Domino gets new locks and keys

The Domino server will add multilayered encryption capabilities from Entrust Technologies by the end of 1998.

2 min read
IBM (IBM) subsidiary Lotus Development plans to add multilayered encryption capabilities from Entrust Technologies to its Domino server by the end of 1998, the company said today.

The current version of Domino already features public-key encryption from RSA Data Security. Starting with the next release of Domino, however, Lotus will begin to integrate elements of the Entrust public-key infrastructure, a set of security and cryptographic services that a developer can customize within an application.

By the end of next year, the entire set of Entrust PKI services, including support for digital certificates, key recovery, and a variety of encryption algorithms, will be available in Domino. Customers will still be able to choose the RSA system if they wish, Domino product manager Kevin Lynch said.

Lotus' timetable is parallel to the deadline that the current federal export regulations give software makers to add key recovery to their products if they want to export strong encryption in their products. The export regulations are administered by the Commerce Department.

Under the current regulations, strong encryption and applications that use it cannot be exported without key recovery. Law enforcement officials argue key recovery is necessary if they are to intercept and read the messages of suspected criminals. Most U.S. software makers counter that government-accessible encryption in their products puts them at a competitive disadvantage, because foreign software makers do not face the same restrictions. Even though Entrust PKI offers key recovery and varying strengths of encryption, Lotus has not committed to putting the key recovery feature into Domino.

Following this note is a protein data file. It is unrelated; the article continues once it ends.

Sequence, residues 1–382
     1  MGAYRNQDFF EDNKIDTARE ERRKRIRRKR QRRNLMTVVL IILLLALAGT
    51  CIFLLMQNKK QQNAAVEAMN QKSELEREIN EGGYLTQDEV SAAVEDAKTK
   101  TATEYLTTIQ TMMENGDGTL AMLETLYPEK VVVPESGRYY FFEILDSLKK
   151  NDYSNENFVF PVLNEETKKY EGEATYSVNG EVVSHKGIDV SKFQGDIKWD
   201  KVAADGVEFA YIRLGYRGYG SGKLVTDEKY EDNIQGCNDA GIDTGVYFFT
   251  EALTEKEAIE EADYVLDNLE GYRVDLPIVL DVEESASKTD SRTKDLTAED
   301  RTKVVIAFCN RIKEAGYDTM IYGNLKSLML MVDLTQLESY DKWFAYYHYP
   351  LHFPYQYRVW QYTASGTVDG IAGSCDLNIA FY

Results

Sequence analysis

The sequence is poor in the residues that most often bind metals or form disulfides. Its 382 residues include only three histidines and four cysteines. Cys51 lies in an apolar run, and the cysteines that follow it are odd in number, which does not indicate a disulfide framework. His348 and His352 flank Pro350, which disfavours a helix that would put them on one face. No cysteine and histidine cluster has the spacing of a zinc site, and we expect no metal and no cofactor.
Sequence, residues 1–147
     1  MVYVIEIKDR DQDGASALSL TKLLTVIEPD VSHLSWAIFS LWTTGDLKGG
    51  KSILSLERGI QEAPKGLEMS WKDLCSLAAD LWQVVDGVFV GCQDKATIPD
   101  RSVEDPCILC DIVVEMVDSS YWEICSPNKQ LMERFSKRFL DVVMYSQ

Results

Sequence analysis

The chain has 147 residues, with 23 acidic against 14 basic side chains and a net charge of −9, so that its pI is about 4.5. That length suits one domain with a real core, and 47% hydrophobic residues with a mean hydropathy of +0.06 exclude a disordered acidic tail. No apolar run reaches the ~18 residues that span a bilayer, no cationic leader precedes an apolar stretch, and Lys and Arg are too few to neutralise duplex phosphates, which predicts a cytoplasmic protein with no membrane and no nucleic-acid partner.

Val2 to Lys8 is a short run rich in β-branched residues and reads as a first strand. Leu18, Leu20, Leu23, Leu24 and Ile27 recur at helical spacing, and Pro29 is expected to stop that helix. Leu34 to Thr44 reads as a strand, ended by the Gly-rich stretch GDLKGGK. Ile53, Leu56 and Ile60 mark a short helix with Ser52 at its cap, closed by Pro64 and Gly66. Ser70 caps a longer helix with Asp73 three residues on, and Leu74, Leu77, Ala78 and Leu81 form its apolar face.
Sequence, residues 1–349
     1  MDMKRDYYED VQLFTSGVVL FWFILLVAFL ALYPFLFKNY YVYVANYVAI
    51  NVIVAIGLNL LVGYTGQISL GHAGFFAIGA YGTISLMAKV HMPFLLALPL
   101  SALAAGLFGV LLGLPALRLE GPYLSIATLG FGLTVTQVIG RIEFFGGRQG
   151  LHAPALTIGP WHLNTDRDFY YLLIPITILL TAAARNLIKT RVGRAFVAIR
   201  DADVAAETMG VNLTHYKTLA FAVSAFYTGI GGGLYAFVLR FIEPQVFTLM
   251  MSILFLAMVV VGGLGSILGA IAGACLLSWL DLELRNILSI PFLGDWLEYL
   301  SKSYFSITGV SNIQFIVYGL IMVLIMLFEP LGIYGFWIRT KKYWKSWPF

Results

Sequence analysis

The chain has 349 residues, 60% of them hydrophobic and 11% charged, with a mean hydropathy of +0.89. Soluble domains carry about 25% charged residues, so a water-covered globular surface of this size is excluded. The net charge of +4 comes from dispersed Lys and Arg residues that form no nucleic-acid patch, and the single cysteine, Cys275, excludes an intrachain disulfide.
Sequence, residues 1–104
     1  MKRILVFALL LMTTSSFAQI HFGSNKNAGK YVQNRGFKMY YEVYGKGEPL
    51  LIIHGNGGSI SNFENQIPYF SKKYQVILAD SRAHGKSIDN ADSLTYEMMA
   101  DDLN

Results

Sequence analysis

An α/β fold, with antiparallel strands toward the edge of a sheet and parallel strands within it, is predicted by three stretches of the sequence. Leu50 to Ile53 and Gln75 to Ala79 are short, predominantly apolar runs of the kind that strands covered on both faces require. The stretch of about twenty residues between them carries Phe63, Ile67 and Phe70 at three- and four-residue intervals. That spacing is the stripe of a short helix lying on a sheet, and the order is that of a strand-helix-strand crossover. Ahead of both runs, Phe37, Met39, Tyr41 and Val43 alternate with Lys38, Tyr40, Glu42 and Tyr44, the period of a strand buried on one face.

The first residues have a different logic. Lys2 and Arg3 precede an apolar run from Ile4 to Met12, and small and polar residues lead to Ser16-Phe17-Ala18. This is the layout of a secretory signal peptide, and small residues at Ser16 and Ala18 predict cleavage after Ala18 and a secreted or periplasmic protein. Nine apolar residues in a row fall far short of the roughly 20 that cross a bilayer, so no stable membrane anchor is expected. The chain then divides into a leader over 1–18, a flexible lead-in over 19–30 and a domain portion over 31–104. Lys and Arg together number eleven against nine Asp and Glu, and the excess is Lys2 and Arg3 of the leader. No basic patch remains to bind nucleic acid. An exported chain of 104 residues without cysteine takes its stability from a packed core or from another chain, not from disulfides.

"The landscape for exportability is changing constantly and not just in the U.S.," Domino's Lynch said. "It all plays a role in our decision."

There are also potential changes on the domestic front. The Senate is considering a bill that would mandate key recovery in any federally purchased encryption product and for all federally funded electronic networks. The bill, sponsored by Sens. John McCain (R-Arizona) and Bob Kerrey (D-Nebraska), also seeks to link the use of government-approved digital certificates to key recovery.

Digital certificates are ID tags that verify the identity of the sender in a communication or transaction and verify that the data has not been tampered with. Business and privacy advocates argue that kind of linkage would discourage electronic commerce, which digital certificates are expected to help make more secure.

Entrust PKI allows for the linkage of key recovery to digital certificates if that becomes necessary, Lynch said, but he declined to comment on the McCain-Kerrey bill.

Lotus will add support for Entrust's digital certificates to Domino 4.6 later this year. Encrypted email for Notes groupware and support for higher levels of encryption will follow in 1998, the company said.